Despite having to replace two officers at the last minute due to illness Ypsilanti Commandery No. 54 had a fantastic inspection, and were happy to knight Thane Domrase of behalf of Ann Arbor Commandery No. 13.
In addition we had the pleasure of making Sir Knight Gary Leach, Commander of Ypsilanti, No 54 an honorary member of Ann Arbor Commandery No. 13 in recognition of his dedication to ensuring cooperation and harmony between our commanderies.
Earlier in October, Sir Knight Art and I were honored with the opportunity to welcome the heads of all of the York Rite Bodies including our Right Eminent Grand Commander, Cortland Rule at the Grand York Rite Reception out in Chelsea. It was a great time of fellowship and celebration and I once again look forward to the ensuing grand year.Ann Arbor Commandery No. 13 has been quite active as well and with the help of Detroit Commandery No. 1 and their fantastic ritual work we have two new Knights of Malta awaiting the Order of the Temple.
We have yet to plan dates for the Order of the Temple but Detroit Commandery has once again opened their home to us and offered their assistance in the Knighting of these Brothers and at our stated conclave on the 19th I’m sure we’ll be discussing the details. In addition given all the degree work that has been going on over the past few months we now have 4 new members of the Ann Arbor York Rite as a whole, and our next stated will also be a fantastic opportunity to introduce yourself to these new Companions and show them the hospitality and brotherly love that comes with fellowship among us.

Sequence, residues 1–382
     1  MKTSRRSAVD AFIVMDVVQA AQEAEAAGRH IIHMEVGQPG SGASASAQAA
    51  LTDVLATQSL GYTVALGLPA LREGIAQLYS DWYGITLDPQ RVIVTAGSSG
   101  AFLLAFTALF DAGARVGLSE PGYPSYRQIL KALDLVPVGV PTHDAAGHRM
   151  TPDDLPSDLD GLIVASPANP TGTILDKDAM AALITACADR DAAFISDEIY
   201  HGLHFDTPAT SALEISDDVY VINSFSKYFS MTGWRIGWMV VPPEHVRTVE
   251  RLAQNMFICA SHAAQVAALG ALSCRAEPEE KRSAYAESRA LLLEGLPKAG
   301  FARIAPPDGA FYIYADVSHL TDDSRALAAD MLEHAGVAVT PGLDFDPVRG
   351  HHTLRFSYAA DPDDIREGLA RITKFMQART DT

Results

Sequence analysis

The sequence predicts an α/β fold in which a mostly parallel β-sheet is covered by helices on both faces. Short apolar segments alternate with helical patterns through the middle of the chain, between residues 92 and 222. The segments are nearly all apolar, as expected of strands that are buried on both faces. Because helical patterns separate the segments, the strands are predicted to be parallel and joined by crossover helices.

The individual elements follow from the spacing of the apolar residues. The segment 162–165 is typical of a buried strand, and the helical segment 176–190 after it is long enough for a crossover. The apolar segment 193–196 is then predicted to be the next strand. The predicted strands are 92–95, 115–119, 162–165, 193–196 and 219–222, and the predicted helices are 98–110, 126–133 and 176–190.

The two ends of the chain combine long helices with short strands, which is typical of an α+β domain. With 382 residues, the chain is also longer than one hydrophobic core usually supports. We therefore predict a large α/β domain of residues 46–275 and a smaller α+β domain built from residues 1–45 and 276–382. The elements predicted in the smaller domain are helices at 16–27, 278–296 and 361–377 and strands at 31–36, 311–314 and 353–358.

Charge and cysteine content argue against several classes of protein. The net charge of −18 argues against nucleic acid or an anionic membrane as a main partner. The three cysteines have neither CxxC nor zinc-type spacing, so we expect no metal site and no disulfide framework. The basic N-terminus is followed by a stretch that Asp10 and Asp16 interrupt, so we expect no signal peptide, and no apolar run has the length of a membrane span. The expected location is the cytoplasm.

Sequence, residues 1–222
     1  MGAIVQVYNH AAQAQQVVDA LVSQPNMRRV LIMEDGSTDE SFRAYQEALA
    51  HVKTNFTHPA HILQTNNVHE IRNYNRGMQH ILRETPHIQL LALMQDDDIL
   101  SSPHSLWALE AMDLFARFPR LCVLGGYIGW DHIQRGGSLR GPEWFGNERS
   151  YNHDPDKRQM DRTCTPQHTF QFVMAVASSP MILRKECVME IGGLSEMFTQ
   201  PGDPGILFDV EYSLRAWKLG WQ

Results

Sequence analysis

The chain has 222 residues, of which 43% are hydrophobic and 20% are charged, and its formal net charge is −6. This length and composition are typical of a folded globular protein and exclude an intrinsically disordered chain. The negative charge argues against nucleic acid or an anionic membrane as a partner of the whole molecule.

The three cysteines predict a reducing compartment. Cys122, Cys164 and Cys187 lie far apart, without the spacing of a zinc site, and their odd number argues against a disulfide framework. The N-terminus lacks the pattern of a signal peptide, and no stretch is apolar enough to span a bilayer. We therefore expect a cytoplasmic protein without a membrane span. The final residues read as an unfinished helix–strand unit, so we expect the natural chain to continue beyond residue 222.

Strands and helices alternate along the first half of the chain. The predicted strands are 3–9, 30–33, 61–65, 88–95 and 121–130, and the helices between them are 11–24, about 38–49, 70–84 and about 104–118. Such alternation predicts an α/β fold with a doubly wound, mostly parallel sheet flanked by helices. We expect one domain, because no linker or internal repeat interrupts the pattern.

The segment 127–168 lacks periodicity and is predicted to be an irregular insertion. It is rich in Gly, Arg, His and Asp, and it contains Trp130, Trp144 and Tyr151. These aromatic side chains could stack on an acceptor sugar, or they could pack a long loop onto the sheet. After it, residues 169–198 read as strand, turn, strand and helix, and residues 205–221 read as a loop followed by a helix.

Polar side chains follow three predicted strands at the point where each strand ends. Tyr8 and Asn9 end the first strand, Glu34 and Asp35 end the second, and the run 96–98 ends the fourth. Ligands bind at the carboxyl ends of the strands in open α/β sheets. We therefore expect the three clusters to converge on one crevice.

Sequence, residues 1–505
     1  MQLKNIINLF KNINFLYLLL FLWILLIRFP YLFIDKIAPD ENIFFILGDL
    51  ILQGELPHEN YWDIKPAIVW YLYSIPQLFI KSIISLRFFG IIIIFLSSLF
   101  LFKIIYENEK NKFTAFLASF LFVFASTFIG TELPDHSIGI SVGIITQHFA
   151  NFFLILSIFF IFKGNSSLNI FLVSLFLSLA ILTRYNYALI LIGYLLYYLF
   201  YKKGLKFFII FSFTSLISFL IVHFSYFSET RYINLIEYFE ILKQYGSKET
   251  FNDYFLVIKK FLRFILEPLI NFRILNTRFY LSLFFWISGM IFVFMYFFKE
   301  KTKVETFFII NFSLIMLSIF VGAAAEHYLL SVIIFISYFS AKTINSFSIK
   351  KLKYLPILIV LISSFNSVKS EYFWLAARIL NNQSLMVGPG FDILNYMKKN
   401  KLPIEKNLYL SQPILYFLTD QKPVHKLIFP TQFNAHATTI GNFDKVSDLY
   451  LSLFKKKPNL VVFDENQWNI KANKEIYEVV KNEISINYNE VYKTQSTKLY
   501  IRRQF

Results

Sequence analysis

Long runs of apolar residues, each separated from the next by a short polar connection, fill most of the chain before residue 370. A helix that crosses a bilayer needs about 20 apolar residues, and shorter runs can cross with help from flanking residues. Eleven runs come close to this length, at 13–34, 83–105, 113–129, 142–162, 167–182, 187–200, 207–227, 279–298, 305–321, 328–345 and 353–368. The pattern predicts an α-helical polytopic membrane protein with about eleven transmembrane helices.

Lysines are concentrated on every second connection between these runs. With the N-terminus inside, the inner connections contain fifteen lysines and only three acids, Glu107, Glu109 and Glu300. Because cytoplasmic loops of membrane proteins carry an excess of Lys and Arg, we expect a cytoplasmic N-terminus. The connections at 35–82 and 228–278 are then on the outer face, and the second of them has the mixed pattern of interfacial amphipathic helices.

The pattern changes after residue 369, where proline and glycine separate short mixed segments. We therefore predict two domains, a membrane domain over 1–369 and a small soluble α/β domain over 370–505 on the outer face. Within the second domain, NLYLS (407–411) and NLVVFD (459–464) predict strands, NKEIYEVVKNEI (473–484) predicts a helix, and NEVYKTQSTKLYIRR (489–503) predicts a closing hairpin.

Another attribute you’d hope to find amongst us is chivalry, and that’s the very subject I’d like to discuss in this letter. Chivalry has always been a subject near and dear to my heart. It never ceases to spark my interest or influence my actions, without it I wouldn’t be the man I am today, and it’s my interest in it that first caught the attention of the woman who would become my wife dramatically improving my life and changing my fate forever.
Chivalry in its most basic sense began as the rules of conduct seen suitable for mounted combat and eventually knighthood. As time went on it grew more complex with countless manuals detailing the responsibilities of the chivalrous, and while no one particular set of guidelines ever became the standard certain duties were always inculcated: Duty to others, duty, to God, and duty to women. These duties quickly become the core knightly virtues and with the popularization of the concept of decidedly Christian Knighthood they became the ultimate way a Knight could serve his LORD and Savior.